A NAFTA country is your state’s top export market. Period. And it does not matter on which side of the state line you live.
Mexico is Kansas’ No. 1 export market. Our southern neighbor brought the state $1.8 billion last year, followed by Canada at $1.7 billion, according to the International Trade Administration.
In Missouri, Canada is tops at $5.2 billion in 2016, followed by Mexico at $2.5 billion.
So President Donald Trump’s latest round of bellicose bleating about yanking the U.S. out of the North American Free Trade Agreement captures the rapt attention of local business leaders.
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They aren’t taking this as an idle threat, despite legal questions about whether an executive order could unwind a trade accord agreed to by Congress.
At the very least, the president is continuing to strain relations as the three countries are midway through a series of negotiations on the 23-year-old deal.
Portions of the agreement should be revisited and realigned for current markets, industry needs and concerns. The aim isn’t to implode it down to two countries.
The main drivers of our regional economy — jobs involving transportation equipment, chemicals, processed foods, machinery and electrical equipment — would be heavily impacted if Trump somehow managed to successfully dismantle NAFTA.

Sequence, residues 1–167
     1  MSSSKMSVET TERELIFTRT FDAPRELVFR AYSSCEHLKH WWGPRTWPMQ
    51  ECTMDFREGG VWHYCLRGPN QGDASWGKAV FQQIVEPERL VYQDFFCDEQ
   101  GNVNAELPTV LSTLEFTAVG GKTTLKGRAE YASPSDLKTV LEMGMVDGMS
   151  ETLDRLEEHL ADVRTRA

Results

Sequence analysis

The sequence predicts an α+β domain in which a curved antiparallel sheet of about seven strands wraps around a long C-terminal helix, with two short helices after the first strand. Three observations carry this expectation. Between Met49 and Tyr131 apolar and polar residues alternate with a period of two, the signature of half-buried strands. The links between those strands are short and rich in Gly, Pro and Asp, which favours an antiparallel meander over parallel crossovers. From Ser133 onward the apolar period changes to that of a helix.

As a businessman with global investments, one would hope that Trump will wake up to the economic damage that would ensue if he follows through on this campaign promise to his base — voters who eagerly bought the lie that NAFTA was “the worst trade deal” ever signed by the United States.
The 100,000 Missourians and 50,000 Kansans holding jobs that depend on trade with Mexico would surely disagree.
In his first days in office, Trump yanked the U.S. out of the Trans-Pacific Partnership with nine Asia-Pacific countries. Other countries are now moving forward, leaving the U.S. out of those possible markets.
Gerónimo Gutiérrez Fernández, the Mexican Ambassador to the United States, recently visited the Kansas City area. The ambassador was unequivocal about how Mexico will react if Trump pulls the plug on NAFTA.
Doing so would be among the “clear red lines” that Trump could cross.
“If that happens, Mexico will not sit down at the table again,” he said.
Besides, a new Pew Research Center poll finds that 56 percent of Americans believe that NAFTA has been good for the U.S., compared to 33 percent who think its impact is negative.
Those skeptics ought to assess the news from last week. Secretary of Agriculture Sonny Perdue said he is working with Congress to devise a plan to mitigate the losses to farmers if NAFTA goes under.
Sounds like an acknowledgment. Even Trump’s closest advisers see the damage that could occur.
The U.S. will not fare well as an isolationist country with nowhere to export to, and no country willing to import to us.
As a nation, the United States is not strongest standing alone. Our interests are interrelated with the economies of many countries, and they benefit from supply chains that stretch across borders.
The most significant of those ties — those that are imperative for our economic stability — are with our geographic neighbors to the north and south: Canada and Mexico.